Oregon Grape prunings (right) and suckers (distant left)

 

Typical Oregon Grape suckers

Typical Oregon Grape suckers

 

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The "after" picture

The “after” picture: remaining Oregon Grape visible behind the Ceanothus

I cherish no illusions that the suckers are really gone. Their stubs and deeply buried roots are still there. They will no doubt rise again, like a bunch of prickly green zombies. Really, the best way to avoid suckers is not to plant suckering shrubs. And if any plant shows suckering tendencies, rip it out.

This lone orange tulip has been blooming for weeks -- and doesn't sucker!

This lone orange tulip has been blooming for weeks — and doesn’t sucker!

 

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Radical Ruminations

Poised on the brink of another spring — and retirement! — I’m considering the options for renovating my garden. As I’ve lamented in a number of posts, the back garden is dominated by two mature Norway maples and a Tree of Heaven (Ailanthus). The entire space (about 30 x 50 feet) has been infiltrated with a solid mat of maple roots, which makes it difficult to grow any but the toughest plants, especially in soil that is mostly sand, and in a summer-dry climate.

 

The Norway maples. Imagine the roots!

The Norway maples. Imagine the roots!

 

The Tree of Heaven. The huge red maple on the right is on a neighbour's property.

The Tree of Heaven. The huge red maple on the right is on a neighbour’s property.

More than once, I have decided to have the trees removed — all three of them. That would open up the sky above the garden and get rid of the roots (eventually). I could grow plants well that barely perform now — peonies, roses, delphiniums, irises! The water lilies in the pond would actually bloom!

Then I think about the disruption. A vigorous climbing rose (white flowers with a pink tinge, very double, in May and June) has slung itself over the lowest limbs of one of the maples. It would have either to be cut down or provided with some other support. Men with size 12 feet would tromp all over the place and there would be all that wood to deal with.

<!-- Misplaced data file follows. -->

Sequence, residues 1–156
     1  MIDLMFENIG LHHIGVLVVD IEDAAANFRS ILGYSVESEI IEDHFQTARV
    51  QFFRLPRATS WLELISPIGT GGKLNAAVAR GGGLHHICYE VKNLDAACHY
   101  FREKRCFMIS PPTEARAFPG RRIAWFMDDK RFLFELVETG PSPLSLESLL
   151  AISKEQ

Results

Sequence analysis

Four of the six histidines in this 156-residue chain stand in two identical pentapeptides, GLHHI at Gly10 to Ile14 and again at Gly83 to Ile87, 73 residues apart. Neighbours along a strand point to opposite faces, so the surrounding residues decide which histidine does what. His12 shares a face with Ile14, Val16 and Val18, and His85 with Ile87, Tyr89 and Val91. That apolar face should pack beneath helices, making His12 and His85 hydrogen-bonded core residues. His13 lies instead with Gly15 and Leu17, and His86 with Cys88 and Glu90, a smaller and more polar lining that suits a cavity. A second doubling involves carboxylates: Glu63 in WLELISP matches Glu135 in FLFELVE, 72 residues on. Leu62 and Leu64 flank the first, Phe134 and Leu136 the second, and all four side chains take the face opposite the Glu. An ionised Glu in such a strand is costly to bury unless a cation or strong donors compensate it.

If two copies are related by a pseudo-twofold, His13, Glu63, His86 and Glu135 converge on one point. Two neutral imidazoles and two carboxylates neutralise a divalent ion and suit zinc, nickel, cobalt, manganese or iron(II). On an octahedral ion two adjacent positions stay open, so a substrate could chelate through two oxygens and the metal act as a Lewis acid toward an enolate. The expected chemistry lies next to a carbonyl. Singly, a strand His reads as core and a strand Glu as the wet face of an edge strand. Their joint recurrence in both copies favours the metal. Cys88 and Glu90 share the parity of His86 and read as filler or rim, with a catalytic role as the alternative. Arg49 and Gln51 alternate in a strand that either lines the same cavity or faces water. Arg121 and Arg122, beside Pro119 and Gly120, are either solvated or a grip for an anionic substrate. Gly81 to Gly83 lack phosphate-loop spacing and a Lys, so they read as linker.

Climbing rose in maple

Climbing rose in maple

Then there’s the expense. Tree removal is not cheap, and I am about to swap money for time.

So I come around to leaving the trees alone and working on the plantings that share space with them. Here, I have a few options:

  1. Remake the Beds. This means digging up the plants I value and stashing them somewhere while I dig out the surface roots and amend the soil with compost and other goodies. Then replant, adding new plants suitable for dry shade. Advantage: the plants will grow quite well for a while. Disadvantages: Back-breaking labour, and the effect would be temporary; in a few years the tree roots will re-grow.
  2. Adjust the Beds. Identify attractive (to me) plants that actually thrive under the present conditions. Get rid of all the sad sacks and weedy specimens and add more of these superstars — mainly hellebores and ferns with spring-blooming bulbs. Fussier things (delphiniums and lilies) could be grown in pots and parachuted in for blobs of colour in season.
  3. Keep the Status Quo. The trouble is, in gardens, there’s no such thing as status quo. Succession kicks in, some plants die, others prosper and in a few years it’s all rose campion, purple toadflax and feverfew jostling around the original hellebores. And yet, even a mess like that can look amazingly good in the slanting light of a summer evening, as long as the bed is defined by edging and trimming.

In the short term, i.e., the next year or two, I think I’ll go with a combination of options 1 and 2. The first thing will be to make the 18-inch tall wooden dog fence along the front of this area taller (by adding 3-foot pickets at 8 to 10-inch intervals) and installing a gate between the two sections of fence. That will make it possible to remove the goofy wire fence around the edge of the circular lawn. Aesthetics apart, that fence makes working in those beds way too hard.

Dog fences.

Dog fences.

The next step will be to identify the plants that do well here already, both “quality” and “weedy” types. Undesirables and struggling specimens will be removed and selected areas dug over and replanted. (Of course all these labours will be performed by me, but somehow I can’t quite bring myself to say “I will remove, dig, replant, etc.”)

I keep reminding myself I will have ten extra hours most days of the week in which to accomplish this stuff. One way or another, the place will look like this again. Or better.

The Back Garden, May 2010